The Grammarphobia Blog

Publicly vs. publically

Q: In a recent post, you used the word “publically” (a typo, I hope). It got me wondering why “publicly” is the only adverb formed from an adjective ending in “-ic” that doesn’t use “-ally” (at least it’s the only one I can think of). Is there a historical reason?

A: Well, some standard dictionaries do include “publically” as a variant spelling, but it’s described as less popular than “publicly.” In fact, “publicly” outnumbers “publically” by more than 100 to 1 in Google searches.

More to the point, we prefer “publicly” to “publically,” and we’ve changed that post. We should have known better, since our blog once touched on this subject.

As we wrote in 2010, the adverb form of an adjective ending in “-ic” almost always ends in “-ically.” The notable exception is “publicly.”

As we’ve said, some dictionaries recognize “publically” as a variant, but its acceptability depends on which dictionary you consult.

The American Heritage Dictionary of the English Language (5th ed.), for example, labels “publically” a “nonstandard variant of publicly.”

But the entry in Merriam-Webster’s Collegiate Dictionary (11th ed.) recognizes “publicly, also publically.” This use of “also” means that M-W considers the variant standard English though it “occurs appreciably less often.”

As Merriam-Webster’s Dictionary of English Usage explains, “Publically is an occasionally used variant spelling of publicly. It is either based on the obsolete publical or, more likely, simply on analogy with many other –ically adverbs.”

The mention of “publical” is significant, because obviously any adjective ending in “-ical” will have the “-ically” ending when it becomes an adverb.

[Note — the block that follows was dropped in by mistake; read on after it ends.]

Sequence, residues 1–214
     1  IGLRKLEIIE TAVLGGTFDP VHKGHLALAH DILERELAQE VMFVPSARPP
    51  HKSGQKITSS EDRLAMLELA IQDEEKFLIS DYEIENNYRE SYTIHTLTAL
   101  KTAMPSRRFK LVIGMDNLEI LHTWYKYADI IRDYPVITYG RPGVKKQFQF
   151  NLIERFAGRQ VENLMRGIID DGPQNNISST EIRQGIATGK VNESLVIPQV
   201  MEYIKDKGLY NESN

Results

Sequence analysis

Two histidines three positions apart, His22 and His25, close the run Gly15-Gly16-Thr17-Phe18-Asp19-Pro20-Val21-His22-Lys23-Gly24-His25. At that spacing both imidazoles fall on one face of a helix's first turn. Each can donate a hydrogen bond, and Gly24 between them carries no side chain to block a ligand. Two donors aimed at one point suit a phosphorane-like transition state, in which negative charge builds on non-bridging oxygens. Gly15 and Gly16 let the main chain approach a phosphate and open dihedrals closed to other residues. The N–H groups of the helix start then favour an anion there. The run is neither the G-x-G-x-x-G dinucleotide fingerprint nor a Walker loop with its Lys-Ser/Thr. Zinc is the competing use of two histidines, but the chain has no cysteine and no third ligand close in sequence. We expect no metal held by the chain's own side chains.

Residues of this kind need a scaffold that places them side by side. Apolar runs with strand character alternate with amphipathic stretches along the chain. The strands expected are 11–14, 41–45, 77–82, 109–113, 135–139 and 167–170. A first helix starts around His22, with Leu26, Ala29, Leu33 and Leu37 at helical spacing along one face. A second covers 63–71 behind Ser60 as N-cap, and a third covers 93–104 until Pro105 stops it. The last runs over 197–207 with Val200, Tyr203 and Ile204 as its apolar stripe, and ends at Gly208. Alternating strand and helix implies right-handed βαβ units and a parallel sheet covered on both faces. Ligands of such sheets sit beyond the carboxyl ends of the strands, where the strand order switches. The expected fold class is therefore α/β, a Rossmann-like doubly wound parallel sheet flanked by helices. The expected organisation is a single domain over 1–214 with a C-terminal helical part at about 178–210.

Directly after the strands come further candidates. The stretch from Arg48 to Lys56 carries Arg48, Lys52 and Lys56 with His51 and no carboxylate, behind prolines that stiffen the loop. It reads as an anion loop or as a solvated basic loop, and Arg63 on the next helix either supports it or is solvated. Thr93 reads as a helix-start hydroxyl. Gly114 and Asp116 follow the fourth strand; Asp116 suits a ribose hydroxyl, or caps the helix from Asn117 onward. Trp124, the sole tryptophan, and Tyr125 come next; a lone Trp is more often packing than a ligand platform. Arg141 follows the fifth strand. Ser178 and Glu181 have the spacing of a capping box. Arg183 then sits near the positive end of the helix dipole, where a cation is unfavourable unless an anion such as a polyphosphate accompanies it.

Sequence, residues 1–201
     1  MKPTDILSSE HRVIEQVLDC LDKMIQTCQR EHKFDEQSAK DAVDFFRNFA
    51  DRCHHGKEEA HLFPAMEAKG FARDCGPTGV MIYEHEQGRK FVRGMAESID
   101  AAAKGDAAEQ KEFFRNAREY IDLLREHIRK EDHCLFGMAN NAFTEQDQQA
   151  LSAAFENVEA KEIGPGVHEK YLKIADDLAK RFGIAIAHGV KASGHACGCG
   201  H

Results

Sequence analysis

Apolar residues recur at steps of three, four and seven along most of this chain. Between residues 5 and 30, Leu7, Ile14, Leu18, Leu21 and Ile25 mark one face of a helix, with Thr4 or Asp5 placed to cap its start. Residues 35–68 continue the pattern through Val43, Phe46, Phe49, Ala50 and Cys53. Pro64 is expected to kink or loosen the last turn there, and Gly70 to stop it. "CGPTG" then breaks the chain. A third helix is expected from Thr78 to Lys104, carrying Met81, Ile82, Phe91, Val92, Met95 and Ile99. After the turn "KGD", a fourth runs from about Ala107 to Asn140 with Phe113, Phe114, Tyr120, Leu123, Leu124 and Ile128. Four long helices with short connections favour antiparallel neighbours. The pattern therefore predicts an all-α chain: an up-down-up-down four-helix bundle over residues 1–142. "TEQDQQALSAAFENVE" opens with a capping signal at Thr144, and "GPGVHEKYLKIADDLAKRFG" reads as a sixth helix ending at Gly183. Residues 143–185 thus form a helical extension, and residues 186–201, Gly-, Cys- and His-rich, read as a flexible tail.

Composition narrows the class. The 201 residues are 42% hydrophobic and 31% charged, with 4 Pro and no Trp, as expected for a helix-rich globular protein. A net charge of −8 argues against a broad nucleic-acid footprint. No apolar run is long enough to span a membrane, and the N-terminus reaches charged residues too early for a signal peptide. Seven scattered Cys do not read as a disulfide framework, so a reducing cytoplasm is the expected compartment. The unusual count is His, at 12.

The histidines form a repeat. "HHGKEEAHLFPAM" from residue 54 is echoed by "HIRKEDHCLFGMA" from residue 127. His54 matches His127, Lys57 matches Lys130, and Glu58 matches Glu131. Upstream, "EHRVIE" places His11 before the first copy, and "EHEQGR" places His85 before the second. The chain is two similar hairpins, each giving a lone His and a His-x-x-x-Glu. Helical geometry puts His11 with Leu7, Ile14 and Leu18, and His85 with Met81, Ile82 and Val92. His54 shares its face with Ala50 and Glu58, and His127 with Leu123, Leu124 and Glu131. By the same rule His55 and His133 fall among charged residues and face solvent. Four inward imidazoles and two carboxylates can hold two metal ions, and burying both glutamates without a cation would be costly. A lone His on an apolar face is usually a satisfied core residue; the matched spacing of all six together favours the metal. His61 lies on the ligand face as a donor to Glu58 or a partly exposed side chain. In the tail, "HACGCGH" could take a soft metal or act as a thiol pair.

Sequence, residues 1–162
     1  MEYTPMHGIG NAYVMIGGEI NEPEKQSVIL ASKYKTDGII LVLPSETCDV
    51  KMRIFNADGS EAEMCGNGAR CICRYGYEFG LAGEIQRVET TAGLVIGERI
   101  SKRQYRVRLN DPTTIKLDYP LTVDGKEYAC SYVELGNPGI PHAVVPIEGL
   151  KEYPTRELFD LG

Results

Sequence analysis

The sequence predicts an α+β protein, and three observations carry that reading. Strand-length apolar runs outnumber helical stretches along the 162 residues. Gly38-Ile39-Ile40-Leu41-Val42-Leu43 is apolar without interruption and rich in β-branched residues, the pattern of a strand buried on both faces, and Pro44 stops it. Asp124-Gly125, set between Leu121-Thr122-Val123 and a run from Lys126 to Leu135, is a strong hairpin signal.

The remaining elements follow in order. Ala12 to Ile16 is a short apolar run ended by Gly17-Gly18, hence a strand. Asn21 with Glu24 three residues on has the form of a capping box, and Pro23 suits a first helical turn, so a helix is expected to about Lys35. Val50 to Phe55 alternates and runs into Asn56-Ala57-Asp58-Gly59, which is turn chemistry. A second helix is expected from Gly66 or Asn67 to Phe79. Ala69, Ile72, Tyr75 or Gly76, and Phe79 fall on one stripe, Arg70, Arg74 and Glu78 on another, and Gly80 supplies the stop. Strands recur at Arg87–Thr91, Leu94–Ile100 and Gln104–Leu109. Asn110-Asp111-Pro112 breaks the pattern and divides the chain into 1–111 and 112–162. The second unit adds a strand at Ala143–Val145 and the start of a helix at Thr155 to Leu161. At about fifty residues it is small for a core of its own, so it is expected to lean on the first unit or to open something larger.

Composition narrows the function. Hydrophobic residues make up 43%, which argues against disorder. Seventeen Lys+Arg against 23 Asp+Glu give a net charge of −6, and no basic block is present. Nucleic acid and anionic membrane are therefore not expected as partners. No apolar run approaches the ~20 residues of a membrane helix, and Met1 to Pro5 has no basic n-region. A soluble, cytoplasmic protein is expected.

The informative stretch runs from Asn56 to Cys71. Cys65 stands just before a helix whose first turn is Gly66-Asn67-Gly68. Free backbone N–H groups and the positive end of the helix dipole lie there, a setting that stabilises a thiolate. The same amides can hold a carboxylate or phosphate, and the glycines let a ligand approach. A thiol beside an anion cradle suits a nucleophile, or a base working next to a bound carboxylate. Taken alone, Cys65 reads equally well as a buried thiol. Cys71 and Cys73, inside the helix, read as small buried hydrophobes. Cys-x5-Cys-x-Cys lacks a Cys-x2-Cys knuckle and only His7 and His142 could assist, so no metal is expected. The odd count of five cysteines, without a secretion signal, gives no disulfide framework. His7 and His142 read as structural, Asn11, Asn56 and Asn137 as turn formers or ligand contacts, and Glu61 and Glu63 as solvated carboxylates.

And as the Oxford English Dictionary says, “it can frequently be unclear” how an “-ically” adverb was formed.

Was “-ly” added to an adjective ending in “-ical,” like the rare “publical”? Or was “-ally” added to an adjective ending in “-ic,” like “public”?

The question is relevant because at one time many adjectives had both “-ical” and “-ic” forms, as with “rustical/rustic,” “romantical/romantic,” “athletical/athletic,” “optimistical/optimistic,” “scenical/scenic.”

Sometimes there were briefly two corresponding adverbs, as with “rustically/rusticly,” “romantically/romanticly,” “phlegmatically/phlegmaticly.” But generally the “-ically” adverbs were more common.

Today, many of the “-ical” adjective forms have died out, but despite that, the surviving adverb forms “almost always” end in “-ically,” the OED says.

This is true even when only the adjective ending in “-ic” is currently used, Oxford adds, “as in athletically, hypnotically, phlegmatically, rustically, scenically.”

And where both adjectives (“-ical” and “-ic”) exist today, the corresponding adverb ends in “-ically,” as with “comically” (for “comical” and “comic”), “poetically” (for “poetical/poetic”), and “historically” (for “historical/historic”).

The elephant in the room is “publicly.” And that’s the form we generally use on the Grammarphobia Blog—except when we forget.

It’s always been the predominant form, and it’s much older. It was first recorded, according to the OED, in 1534, more than 250 years before “publically” showed up in writing in the late 18th century.

The Merriam-Webster’s usage guide concludes its entry on “publically” with this advice: “You can use it if you like, but we do not really recommend it, because it will look unfamiliar to many who encounter it.”

Note: Some dictionaries include “franticly” as an acceptable variant, but the usual adverb is “frantically.”

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